Differences in Prefrontal Glucose Metabolism
and the Violence of the Serial Killers
In attempting to relate the violence of serial murders
with a physiological brain mechanism, researchers in the past did electroencephalogram
(EEG) studies. These studies concluded that the physiological
brain structure linked with violence was the prefrontal cortex. However,
because these findings conflicted with the neuropsychological variables
found in other studies, this hypothesis could not be confidently confirmed.
With the advancement in diagnostic equipment, there is now a way to measure
the direct quantification of glucose metabolism in selected brain areas.
This is determined by using positron emission topography (PET).
Five Studies Using Positron Emission Topography Support
Prefrontal Abnormalities In Serial Killers:
Researchers reported reduced glucose metabolism and blood flow in the frontal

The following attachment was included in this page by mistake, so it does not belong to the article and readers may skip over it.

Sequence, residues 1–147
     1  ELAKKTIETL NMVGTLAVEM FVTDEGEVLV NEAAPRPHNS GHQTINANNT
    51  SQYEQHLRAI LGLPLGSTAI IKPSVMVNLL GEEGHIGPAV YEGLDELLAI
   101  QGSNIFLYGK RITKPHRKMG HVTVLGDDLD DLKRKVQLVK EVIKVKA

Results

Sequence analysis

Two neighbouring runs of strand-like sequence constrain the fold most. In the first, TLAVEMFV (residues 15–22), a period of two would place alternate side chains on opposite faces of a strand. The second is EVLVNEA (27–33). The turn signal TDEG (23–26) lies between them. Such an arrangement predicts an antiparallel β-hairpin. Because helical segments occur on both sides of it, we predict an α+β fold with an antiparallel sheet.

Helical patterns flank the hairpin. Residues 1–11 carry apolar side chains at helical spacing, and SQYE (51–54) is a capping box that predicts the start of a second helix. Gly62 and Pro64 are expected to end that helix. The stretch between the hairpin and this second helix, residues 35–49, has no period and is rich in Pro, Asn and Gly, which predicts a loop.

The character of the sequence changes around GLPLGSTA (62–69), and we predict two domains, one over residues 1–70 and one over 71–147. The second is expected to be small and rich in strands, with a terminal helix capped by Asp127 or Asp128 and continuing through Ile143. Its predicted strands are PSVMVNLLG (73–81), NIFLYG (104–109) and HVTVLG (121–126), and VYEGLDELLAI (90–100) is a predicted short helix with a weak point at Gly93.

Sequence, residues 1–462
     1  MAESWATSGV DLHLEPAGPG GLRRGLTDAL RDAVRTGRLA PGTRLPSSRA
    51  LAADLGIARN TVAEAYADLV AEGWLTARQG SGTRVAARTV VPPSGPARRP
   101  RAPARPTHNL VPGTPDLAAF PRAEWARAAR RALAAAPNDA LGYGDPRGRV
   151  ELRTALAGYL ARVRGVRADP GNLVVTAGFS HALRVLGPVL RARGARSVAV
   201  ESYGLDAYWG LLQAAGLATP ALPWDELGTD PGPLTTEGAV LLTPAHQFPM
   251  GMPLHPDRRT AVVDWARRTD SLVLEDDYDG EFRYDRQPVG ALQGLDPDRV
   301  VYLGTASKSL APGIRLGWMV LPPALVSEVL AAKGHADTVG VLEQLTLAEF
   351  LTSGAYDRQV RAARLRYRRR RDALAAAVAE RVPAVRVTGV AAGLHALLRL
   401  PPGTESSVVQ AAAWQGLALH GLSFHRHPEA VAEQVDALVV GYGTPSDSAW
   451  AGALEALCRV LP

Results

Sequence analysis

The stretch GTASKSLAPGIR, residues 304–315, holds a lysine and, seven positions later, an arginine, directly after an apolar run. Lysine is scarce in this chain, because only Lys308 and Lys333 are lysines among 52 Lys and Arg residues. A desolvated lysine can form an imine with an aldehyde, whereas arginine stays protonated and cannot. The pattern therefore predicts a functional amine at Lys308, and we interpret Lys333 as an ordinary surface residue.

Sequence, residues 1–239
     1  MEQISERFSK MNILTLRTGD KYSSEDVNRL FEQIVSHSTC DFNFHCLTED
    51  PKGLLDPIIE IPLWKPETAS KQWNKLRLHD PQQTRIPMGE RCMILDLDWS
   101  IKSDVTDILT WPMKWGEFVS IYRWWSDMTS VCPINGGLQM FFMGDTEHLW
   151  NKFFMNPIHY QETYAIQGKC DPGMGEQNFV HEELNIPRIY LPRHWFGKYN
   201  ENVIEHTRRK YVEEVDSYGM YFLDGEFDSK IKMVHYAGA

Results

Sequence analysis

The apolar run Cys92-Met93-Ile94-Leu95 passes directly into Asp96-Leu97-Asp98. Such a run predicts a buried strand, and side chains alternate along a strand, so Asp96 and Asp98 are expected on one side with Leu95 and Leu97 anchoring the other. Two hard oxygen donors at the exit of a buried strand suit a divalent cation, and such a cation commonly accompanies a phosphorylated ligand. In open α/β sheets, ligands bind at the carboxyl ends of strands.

and left temporal cortexes of violent
Study #2 and #3:
Sexual offenders were found to have reduced regional cerebral blood flow
This study found that within a sample of personality disordered patients,
indications of high aggression (using an aggression scale) were correlated with lower
glucose metabolism, specifically in the anterior
frontal brain regions.
A cortical peel analysis of PET scan images of murderers indicated widespread
particularly when compared to the occipital cortex. The group that represented
the abnormal prefrontal
activity was controlled for differences in age, gender, schizophrenia, handedness,
ethnicity, motivation, and any history
of head injury. (They concluded there were no outside factors that contributed
to the prefrontal abnormalities.)